LANSING, MI (WXYZ) — As you prepare to turn your clocks back an hour amid daylight saving and crank up the heat as the winter months roll in, the Michigan Department of Health and Human Services is reminded all Michiganders to check their carbon monoxide detectors.
Carbon monoxide, or CO, is a gas that forms whenever a fossil fuel is burned. And as more people begin to crank up their furnaces, there may be possibilities for CO issues.
You cannot see, taste, or smell CO, but it can be deadly when you breathe it in.
“Taking small steps like making sure you have a working carbon monoxide detector can make a huge difference if you’re unknowingly exposed,” MDHHS chief medical executive Dr. Natasha Bagdasarian said. “Symptoms of carbon monoxide exposure include flu-like symptoms – aches, dizziness, fatigue, and nausea. If you think you have been exposed it is important to get into an area with fresh air immediately and seek medical attention.”
The Center for Disease Control and Prevention reports that each year, approximately 50,000 people across the country visit the emergency department for accidental carbon monoxide poisoning.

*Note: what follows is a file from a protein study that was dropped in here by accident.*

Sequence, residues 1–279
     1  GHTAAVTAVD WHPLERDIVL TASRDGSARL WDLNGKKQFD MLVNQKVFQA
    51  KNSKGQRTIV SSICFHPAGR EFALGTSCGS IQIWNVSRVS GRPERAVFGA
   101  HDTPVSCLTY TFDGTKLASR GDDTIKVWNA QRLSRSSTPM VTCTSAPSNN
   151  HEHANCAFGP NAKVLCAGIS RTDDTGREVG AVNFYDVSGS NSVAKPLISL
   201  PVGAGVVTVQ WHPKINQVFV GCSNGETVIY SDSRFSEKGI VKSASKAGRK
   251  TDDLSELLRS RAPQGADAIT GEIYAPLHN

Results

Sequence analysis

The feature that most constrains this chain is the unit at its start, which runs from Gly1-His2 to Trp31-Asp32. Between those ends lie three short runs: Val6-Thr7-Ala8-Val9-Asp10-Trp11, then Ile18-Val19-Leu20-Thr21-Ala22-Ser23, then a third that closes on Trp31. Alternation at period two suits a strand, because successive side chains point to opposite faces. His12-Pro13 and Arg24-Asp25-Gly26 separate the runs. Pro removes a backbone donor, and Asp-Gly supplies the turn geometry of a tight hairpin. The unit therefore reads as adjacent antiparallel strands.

In 2019, the latest year data were available from the MDHHS Michigan Environmental Public Health Tracking Program (MiTracking), there were 1,090 Michigan emergency department visits for carbon monoxide poisoning.
CO is dangerous because it blocks your body from taking in the oxygen it needs. CO can cause serious illness or death in just minutes.
“Carbon monoxide is produced by many items people use daily,” State Fire Marshal Kevin Sehlmeyer said. “Furnaces, water heaters, dryers, lanterns, space heaters, fireplaces, chimneys and gas stoves all produce this colorless, odorless, tasteless and poisonous gas known as the ‘Invisible Killer’ which requires an electronic sensor to detect. Michigan residents should install an inexpensive CO detector on each level of your home and test them every month with your smoke alarm.”
Safety tips to protect from carbon monoxide:
- Make sure you have working carbon monoxide detectors. Push the “Test” button to be sure it’s working properly.
- Have your furnace or wood-burning stove inspected annually. Hire a professional to make sure it is functionally sound and vents properly outside the home.
- Never run a gasoline, kerosene or propane heater or a grill (gas or charcoal) inside your home or in an unventilated garage. Any heating system that burns fuel produces carbon monoxide.
- Generators should be run at a safe distance (at least 20 feet) from the home.
- Never run a car in an enclosed space. If a vehicle is running, you must have a garage door open to the outside.